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From Neill Cameron’s Twitter:

  • I was working recently with a bunch of kids who kept tearing up their own drawings in frustration, so I did something I’ve not done before.
  • I talked honestly to a classroom full of children about how much I hate my own drawing.
  • Okay, not the full extent. These kids ain’t ready to hear that. But that I do.
  • They were kind of appalled, and horrified and fascinated, but anyway, they stopped tearing up their drawings.
  • As I attempted to explain it — and many of you reading this will know already — when you make a drawing, there are two versions of it.
  • There’s the version that exists in your head, and then there’s the version that ends up on paper.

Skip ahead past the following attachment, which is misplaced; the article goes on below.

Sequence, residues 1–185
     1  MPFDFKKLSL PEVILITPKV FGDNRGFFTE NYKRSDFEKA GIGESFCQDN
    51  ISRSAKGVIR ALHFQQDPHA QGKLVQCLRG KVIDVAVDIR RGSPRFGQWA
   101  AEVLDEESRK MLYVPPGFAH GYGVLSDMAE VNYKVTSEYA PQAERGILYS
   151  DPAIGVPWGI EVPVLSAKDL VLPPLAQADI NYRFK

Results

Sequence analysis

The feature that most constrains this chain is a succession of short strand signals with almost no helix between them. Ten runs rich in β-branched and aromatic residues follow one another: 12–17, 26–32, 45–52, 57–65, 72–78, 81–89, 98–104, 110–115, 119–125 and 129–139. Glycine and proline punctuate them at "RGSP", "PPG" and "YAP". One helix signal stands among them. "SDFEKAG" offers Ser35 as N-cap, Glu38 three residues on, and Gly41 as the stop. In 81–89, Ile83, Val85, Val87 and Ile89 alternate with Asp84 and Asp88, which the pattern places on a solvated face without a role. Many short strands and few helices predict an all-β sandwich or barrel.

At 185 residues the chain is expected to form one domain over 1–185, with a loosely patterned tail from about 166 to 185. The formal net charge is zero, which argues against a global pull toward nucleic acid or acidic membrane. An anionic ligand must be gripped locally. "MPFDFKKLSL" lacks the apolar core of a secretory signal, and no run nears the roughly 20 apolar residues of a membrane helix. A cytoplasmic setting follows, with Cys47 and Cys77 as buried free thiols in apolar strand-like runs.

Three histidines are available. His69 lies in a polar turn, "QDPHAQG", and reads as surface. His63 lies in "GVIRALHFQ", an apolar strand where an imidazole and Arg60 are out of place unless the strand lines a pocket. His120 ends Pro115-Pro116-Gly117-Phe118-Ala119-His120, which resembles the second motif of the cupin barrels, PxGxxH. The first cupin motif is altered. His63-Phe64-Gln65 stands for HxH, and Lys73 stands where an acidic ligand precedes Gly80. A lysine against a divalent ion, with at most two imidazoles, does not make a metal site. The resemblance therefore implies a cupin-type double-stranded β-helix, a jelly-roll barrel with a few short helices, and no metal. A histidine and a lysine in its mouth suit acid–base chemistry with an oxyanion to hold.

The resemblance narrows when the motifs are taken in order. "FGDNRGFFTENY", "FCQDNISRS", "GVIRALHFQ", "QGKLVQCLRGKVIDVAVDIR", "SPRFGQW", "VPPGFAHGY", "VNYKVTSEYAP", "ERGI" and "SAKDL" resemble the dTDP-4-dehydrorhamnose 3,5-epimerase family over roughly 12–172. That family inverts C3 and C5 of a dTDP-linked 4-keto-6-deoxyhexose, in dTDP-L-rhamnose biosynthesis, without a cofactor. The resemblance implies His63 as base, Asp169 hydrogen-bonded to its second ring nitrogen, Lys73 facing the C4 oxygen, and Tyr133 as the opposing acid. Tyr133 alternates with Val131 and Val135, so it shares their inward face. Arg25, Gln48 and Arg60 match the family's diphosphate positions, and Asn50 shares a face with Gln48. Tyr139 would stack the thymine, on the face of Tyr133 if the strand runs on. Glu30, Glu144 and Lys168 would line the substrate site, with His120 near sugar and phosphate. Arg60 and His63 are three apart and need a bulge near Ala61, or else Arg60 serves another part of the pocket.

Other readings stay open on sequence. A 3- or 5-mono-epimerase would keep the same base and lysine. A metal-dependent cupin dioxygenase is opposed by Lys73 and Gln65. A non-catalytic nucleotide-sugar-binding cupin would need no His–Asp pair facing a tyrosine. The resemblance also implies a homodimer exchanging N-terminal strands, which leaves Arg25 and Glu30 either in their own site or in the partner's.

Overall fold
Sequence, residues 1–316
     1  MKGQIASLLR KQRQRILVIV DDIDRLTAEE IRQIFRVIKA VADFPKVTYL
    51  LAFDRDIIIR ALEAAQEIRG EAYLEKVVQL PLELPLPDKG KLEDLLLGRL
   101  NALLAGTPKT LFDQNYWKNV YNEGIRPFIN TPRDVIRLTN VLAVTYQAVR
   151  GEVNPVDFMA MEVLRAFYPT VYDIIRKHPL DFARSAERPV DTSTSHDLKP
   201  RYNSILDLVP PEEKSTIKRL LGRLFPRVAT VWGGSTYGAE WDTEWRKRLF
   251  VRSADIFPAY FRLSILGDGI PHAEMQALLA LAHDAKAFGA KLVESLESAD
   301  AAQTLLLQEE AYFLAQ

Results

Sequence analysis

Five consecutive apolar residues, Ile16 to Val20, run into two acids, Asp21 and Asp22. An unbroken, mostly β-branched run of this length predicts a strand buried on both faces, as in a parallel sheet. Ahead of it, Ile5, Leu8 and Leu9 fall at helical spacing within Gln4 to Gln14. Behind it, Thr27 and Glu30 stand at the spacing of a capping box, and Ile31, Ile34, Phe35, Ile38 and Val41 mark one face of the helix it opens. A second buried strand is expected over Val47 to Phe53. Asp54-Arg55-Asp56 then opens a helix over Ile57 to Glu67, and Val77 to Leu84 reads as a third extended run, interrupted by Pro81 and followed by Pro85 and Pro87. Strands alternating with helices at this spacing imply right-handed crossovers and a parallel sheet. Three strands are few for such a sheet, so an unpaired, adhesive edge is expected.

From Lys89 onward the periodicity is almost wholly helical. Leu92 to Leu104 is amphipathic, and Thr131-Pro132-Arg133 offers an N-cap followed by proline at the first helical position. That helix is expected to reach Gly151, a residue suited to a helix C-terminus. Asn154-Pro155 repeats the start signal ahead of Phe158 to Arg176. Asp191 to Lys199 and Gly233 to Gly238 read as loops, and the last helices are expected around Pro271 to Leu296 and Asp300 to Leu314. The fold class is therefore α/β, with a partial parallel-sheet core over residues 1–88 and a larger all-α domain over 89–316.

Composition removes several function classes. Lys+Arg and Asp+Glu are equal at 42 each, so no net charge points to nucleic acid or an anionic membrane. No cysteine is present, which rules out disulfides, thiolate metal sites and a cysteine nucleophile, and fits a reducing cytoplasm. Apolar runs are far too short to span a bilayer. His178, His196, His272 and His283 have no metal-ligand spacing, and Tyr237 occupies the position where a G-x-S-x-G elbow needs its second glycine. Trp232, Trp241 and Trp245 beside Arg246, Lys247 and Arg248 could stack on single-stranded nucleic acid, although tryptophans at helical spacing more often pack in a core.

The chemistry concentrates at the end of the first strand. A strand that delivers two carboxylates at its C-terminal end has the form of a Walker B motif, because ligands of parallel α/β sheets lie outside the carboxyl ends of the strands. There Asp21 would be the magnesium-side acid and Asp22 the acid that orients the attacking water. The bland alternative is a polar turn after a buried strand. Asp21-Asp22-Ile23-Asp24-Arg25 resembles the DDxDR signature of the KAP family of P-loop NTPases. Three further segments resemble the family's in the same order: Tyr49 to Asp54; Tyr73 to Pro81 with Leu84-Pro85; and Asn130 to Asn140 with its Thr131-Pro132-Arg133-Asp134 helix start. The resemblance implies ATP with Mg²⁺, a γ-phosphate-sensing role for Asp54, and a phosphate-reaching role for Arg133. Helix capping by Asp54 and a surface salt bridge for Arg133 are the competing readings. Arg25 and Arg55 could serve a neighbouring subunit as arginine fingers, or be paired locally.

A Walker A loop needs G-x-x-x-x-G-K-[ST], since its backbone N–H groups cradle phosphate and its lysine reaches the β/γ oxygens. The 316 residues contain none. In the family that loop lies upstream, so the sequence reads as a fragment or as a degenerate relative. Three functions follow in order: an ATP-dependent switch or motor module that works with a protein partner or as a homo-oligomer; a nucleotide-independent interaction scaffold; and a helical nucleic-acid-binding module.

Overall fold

• And because you can see both versions, you can’t help but compare them, and feel frustrated by the difference.
  • But here’s the thing, and I think it’s easy to forget this: no-one else can see that first version.
  • They can’t judge against it. They can only see, and judge, the version that exists on paper.
  • And you know what, this sounds crazy, but they might actually like it for what it is. They might think it’s cool that you made it.
  • I mean, holy god, if you guys could see the version of Mega Robo Bros that exists in my head.
  • Your eyeballs would melt and your heart be burned away by sheer divine fire of amazingness.
  • But the differences between that version and what’s on the page are only visible to me, and shouldn’t — can’t — matter to anyone else.
  • If a draing goes a bit wrong, ah well. Look at it, learn, try and make the next one better.
  • Or, possibly even better: abandon false objective notions of quality altogether and just enjoy the process, the activity, of making a thing.
  • Not quite how I phrased it to the Year5s, but hopefully you get the idea.
  • IN SUMMARY: be kinder to your drawings, and yourselves. I know, it’s hard. But try.

(Though this was written by a visual artist, the advice is applicable across creative disciplines – be kind to yourselves and to your stories!)

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